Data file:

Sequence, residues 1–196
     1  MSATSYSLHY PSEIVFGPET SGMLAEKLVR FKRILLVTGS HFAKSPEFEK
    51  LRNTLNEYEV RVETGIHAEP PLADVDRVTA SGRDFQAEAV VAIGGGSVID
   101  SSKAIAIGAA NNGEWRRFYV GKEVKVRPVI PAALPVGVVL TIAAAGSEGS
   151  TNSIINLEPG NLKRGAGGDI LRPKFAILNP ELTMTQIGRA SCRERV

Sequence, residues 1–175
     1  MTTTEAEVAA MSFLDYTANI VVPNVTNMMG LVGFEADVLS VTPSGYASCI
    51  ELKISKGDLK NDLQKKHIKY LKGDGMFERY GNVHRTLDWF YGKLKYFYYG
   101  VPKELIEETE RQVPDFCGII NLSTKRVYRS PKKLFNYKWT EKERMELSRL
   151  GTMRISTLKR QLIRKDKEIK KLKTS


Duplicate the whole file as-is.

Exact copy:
Sequence, residues 1–196
     1  MSATSYSLHY PSEIVFGPET SGMLAEKLVR FKRILLVTGS HFAKSPEFEK
    51  LRNTLNEYEV RVETGIHAEP PLADVDRVTA SGRDFQAEAV VAIGGGSVID
   101  SSKAIAIGAA NNGEWRRFYV GKEVKVRPVI PAALPVGVVL TIAAAGSEGS
   151  TNSIINLEPG NLKRGAGGDI LRPKFAILNP ELTMTQIGRA SCRERV

Sequence, residues 1–175
     1  MTTTEAEVAA MSFLDYTANI VVPNVTNMMG LVGFEADVLS VTPSGYASCI
    51  ELKISKGDLK NDLQKKHIKY LKGDGMFERY GNVHRTLDWF YGKLKYFYYG
   101  VPKELIEETE RQVPDFCGII NLSTKRVYRS PKKLFNYKWT EKERMELSRL
   151  GTMRISTLKR QLIRKDKEIK KLKTS